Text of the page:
U.S. manufacturing has slowed, but it might not be enough to justify an aggressive response from the Federal Reserve, Bank of America says in a new report.

President Donald Trump has repeatedly called on the Federal Reserve to cut official interest rates to stimulate the U.S. economy. 

Yet Trump's economy, despite a recent slowdown, may be too strong to justify the stimulus, according to analysts at Bank of America.

And recent signs of progress on Trump's trade war with China could further undermine the case, even as traders bet it's a near-certainty that the Fed will reduce the official U.S. interest rate by at least a quarter percentage point at a meeting later this month. The Fed typically cuts interest rate to speed up the economy when activity is slowing, and increases them when growth is strong. 

"Interest rate uncertainties have not yet subsided," according to the report.

The report comes just days after Trump met at the G-20 summit in Japan with his Chinese counterpart, Xi Jinping, and the two leaders agreed to hold off on imposing new import tariffs while continuing talks to resolve the trade dispute. 

"The truce at the G-20 this weekend between the U.S. and China leaves all outcomes on the table," the Bank of America analysts wrote. "What if there is insufficient weakness for the Fed to ease this month?"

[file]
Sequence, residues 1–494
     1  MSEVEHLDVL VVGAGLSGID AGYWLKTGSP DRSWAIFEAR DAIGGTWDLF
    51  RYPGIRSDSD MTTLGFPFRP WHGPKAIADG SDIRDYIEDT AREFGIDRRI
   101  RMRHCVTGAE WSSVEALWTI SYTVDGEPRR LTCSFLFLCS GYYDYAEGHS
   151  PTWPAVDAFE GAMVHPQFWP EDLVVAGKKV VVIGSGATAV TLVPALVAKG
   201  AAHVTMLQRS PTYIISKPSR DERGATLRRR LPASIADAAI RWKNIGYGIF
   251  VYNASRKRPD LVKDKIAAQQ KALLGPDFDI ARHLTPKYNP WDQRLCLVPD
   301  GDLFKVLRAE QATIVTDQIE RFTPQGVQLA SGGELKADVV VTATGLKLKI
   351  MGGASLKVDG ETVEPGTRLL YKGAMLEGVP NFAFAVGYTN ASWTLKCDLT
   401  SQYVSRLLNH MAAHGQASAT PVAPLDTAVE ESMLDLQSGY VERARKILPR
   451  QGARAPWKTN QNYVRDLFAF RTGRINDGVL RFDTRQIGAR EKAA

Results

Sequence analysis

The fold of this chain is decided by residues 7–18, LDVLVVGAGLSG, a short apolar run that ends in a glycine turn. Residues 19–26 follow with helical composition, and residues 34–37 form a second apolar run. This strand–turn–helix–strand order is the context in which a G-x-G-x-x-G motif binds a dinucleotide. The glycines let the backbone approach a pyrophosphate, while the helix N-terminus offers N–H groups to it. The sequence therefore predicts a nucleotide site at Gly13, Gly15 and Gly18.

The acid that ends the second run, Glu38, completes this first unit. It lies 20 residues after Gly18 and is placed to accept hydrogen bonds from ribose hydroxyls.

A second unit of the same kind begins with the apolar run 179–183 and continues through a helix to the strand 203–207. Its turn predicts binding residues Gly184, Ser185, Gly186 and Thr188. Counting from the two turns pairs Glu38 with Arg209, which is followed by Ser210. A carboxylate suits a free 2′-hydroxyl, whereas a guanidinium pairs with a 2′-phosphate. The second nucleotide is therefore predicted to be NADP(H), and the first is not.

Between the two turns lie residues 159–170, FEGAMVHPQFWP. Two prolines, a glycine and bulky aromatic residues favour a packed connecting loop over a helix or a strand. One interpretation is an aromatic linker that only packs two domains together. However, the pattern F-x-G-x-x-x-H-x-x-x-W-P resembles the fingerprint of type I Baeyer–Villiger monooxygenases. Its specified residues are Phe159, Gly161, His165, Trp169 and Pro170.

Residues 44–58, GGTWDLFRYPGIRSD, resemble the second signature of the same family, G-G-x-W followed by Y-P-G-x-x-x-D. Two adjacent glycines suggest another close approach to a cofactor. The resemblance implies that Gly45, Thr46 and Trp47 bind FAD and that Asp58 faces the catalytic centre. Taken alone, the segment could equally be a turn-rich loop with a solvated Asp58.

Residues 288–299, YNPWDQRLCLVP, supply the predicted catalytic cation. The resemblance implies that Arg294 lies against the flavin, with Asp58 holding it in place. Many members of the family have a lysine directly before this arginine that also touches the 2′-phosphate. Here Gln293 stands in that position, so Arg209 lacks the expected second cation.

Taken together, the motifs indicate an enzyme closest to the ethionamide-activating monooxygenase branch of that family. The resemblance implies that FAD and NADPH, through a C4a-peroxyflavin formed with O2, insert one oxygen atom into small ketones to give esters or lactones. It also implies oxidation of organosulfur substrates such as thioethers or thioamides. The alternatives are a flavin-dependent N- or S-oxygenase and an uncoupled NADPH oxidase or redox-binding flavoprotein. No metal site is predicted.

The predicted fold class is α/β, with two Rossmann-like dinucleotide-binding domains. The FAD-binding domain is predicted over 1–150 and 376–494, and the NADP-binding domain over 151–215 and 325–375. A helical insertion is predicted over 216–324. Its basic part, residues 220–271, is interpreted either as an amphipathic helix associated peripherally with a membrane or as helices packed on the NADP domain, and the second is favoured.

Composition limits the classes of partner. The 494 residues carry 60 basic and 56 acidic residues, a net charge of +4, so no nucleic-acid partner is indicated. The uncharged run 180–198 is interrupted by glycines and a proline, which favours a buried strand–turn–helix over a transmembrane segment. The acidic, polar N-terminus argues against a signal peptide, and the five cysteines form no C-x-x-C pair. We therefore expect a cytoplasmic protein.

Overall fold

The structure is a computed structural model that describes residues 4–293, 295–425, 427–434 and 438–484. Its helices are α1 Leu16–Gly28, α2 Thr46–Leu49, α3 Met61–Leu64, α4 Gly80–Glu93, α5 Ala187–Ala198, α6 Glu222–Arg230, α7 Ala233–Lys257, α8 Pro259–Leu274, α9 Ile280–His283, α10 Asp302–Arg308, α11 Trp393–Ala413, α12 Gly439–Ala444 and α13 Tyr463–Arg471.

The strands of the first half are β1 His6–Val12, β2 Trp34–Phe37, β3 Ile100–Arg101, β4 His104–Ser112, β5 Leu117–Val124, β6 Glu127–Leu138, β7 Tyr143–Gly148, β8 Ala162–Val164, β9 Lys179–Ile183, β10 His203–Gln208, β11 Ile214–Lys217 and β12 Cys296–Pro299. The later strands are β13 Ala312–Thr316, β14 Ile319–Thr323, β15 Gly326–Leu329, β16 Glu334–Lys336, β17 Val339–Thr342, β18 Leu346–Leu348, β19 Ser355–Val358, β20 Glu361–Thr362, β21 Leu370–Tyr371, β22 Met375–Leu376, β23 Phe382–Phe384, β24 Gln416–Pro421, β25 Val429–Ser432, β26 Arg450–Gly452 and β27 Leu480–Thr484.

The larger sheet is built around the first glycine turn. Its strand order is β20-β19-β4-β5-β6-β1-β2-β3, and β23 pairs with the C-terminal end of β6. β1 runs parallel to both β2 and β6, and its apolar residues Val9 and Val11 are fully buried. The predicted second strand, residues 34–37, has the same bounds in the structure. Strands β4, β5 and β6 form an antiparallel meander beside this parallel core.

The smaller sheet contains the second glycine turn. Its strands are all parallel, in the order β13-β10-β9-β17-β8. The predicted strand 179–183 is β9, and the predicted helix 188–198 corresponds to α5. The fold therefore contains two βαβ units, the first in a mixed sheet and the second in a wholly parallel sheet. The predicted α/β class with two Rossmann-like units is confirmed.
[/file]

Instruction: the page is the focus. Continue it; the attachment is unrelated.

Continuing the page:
According to the analysts, the leaders may have merely "kicked the can down the road and more battles lie ahead," but it's also possible to argue that "the Trump-Xi meeting was a major breakthrough."

The analysts noted that recent gains in the U.S. stock market -- the S&P 500 has risen about 18% this year -- are only possible if investors assume that there is enough economic weakness globally to push the Fed and European Central Bank to "come to the rescue." 

The Institute for Supply Management, an association of purchasing managers at businesses including DowDuPont (DWDP) and General Electric (GE - Get Report) , said Monday that its index of activity slipped to a reading of 51.7 in June, down from 52.1 in May. A reading above 50 still indicates expansion.

Weakness in the U.S. manufacturing sector had been one of the primary causes of concern over an economic slowdown this year.

"The fact that ISM remained in expansionary territory is very important, showing that U.S. economy is still expanding even in the most-vulnerable sector, and it takes the pressure off the Fed to go ahead with an aggressive cut in the July meeting," the analysts wrote. 
 
According to data provider FactSet, trading in futures contracts on U.S. interest rates reflect a 79.5% probability that the Fed will cut the official rate by 0.25 percentage point at the meeting later this month, while there's a 20.5% chance of a 0.5 percentage-point cut. 
 
The rate is currently set in a range of 2.25% to 2.5%.